I design LOTS of blenders especially for my applique patterns, and they work for both the background blocks and for the applique – which means they’re very versatile fabrics to have in your stash.

In my Spoonflower shop you can shop by color collection – like this collection of Gemstone blenders. This is a great option if you want to have a lot of different colors in your backgrounds, but you want them all to go together.

Another option is to go for a more monochrome look. You can shop by color and get pale to very dark shades of the same color, all in different one on tone prints. Here’s an example of the Amethyst collection.

That Woodland Critters sample uses all Avocado Blenders for the background blocks.

Choosing all your background blocks from one type of fabric helps create a unified look right from the start. But what about the appliqués?

How to Choose Fabric for Applique Quilts

For choosing those I rely on The Rule of Two Out of Three.

I look at three categories, and I only choose fabrics that have contrast in two of the three categories.


This is the easiest. Look at those categories of monochrome prints and choose two different ones. If you have a batik background block and solid fabric for the bird appliqué, you have contrast in the texture category. If you have a solid background block with a tone on tone print for the appliqué, you have texture contrast. Here’s a good example of that. . .

cat applique from Shiny Happy World


This is also mostly easy. Warm colors are fiery – red, orange and yellow. Cool colors are watery – blue, green and purple.

Things can get tricky with neutrals – there are warm greys and cool greys, for example – but mostly this is pretty straightforward. If you have a cool background and a warm applique fabric (like that cat block above), you have temperature contrast.


This one’s easy too. Dark fabrics contrast with light ones.

It can be hard to read the value contrast, especially if your fabrics are different temperatures. If you’re having trouble, try this trick.

These fabrics look high contrast because one is warm and the other is cool.

green with orange sketch

Snap a quick photo of them on your phone, then use a black and white filter on them.

How to Choose Fabric for a Quilt

Whoa! They have almost the exact same value!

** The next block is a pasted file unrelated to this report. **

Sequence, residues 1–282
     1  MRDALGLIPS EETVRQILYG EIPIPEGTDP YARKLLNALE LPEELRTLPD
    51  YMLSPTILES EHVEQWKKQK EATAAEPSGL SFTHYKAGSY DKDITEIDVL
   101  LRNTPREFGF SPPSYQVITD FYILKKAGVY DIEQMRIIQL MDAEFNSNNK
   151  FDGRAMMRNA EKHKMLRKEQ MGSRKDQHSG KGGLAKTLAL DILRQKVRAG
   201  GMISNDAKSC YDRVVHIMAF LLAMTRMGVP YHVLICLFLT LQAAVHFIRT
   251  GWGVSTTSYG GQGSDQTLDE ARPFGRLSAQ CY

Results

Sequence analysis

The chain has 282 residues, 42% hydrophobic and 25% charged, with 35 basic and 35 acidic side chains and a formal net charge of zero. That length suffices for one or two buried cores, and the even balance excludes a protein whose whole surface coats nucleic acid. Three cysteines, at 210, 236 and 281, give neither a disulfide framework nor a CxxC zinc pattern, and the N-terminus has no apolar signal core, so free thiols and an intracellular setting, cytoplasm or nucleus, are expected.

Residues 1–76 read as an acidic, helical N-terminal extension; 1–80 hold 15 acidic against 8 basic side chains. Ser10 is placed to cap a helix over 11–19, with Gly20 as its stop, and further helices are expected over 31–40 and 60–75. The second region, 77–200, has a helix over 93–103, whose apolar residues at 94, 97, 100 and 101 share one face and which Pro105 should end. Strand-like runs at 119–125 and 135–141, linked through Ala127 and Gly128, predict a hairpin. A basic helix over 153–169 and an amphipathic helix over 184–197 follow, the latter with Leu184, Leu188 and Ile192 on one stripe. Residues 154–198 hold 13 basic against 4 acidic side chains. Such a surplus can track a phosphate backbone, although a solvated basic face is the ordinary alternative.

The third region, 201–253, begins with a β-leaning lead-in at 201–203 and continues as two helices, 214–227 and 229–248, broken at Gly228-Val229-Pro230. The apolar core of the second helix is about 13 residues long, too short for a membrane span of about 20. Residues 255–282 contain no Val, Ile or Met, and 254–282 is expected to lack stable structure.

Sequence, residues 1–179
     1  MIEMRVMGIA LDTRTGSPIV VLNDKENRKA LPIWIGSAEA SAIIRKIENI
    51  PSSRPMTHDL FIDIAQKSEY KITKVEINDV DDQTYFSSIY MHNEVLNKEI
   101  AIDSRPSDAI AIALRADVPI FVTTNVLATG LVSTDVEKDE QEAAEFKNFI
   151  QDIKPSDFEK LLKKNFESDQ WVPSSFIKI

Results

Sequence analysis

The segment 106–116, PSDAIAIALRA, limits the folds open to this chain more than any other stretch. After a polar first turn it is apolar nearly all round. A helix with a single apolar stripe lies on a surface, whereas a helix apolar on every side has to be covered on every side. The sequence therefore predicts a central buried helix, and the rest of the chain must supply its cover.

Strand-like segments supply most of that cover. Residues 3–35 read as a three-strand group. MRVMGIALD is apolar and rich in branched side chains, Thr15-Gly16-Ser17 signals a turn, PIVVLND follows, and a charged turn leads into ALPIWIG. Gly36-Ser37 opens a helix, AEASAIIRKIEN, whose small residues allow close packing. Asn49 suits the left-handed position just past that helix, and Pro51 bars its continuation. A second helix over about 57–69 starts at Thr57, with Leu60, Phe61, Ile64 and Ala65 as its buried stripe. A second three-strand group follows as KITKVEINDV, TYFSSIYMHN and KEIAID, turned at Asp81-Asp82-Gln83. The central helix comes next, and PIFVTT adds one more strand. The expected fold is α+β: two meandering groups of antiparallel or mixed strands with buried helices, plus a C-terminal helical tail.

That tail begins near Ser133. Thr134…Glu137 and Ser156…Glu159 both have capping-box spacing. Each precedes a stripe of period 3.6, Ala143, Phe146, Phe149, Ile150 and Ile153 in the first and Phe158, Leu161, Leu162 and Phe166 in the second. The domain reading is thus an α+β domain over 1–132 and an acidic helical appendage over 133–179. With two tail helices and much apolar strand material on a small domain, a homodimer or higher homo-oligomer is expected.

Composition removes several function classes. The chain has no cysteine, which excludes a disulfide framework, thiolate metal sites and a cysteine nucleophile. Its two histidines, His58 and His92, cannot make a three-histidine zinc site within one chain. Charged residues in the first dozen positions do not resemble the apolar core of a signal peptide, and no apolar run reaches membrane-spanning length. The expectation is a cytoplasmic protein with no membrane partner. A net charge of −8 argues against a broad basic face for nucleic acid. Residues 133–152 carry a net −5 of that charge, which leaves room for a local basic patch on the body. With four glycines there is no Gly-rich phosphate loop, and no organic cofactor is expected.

Let’s audition some fabrics. . .

Even though that green/orange combination above turned out to have the same value, they still pass The Rule of Two Out of Three, so I would still use them. They have no contrast in value, but they contrast in texture (solid vs. tone on tone) and temperature (warm vs. cold).

How about this combination?

How to Choose Fabric for a Quilt

This one has contrast in texture (solid vs. tone on tone), contrast in temperature (warm vs. cool) and contrast in value (dark magenta vs. light green). It passes on all three categories, so it will be a very successful block. And by that I mean it will have enough contrast that the appliqué won’t get lost on the background fabric.

Here’s another one.

How to Choose Fabric for a Quilt

I love red and orange together, but this combination fails. 🙁 They contrast in texture, but they are both warm, and both relatively dark. They only contrast in one category, so I’ll try again.

How to Choose Fabric for a Quilt

This one passes! It’s the same red (photographed at different times of day and not color corrected) but paired with a much lighter orange. They’re both warm, but now I have contrast in texture and in value, so I know this is a combination that will work.

So there you go – The Rule of Two Out of Three. It’s how I choose all the fabrics for my quilts.

Want an even deeper dive into what colors go together? Check out Color Theory 101.

Here are links to all the posts about choosing fabric.

And here are links to posts about using specialty fabrics.

Finished with this topic?

Return to the Let’s Make a Quilt main Table of Contents.

Happy stitching!

Book Review – All Points Patchwork

All Points Patchwork book review

I may have mentioned once or twice here that I really love handwork. 🙂

I love the feel of the fabric and thread in my hands.

I love the little pop I hear when the eye of the needle with the doubled-over thread passes through the fabric, followed by the low shush of the thread.

I love that I can take it anywhere.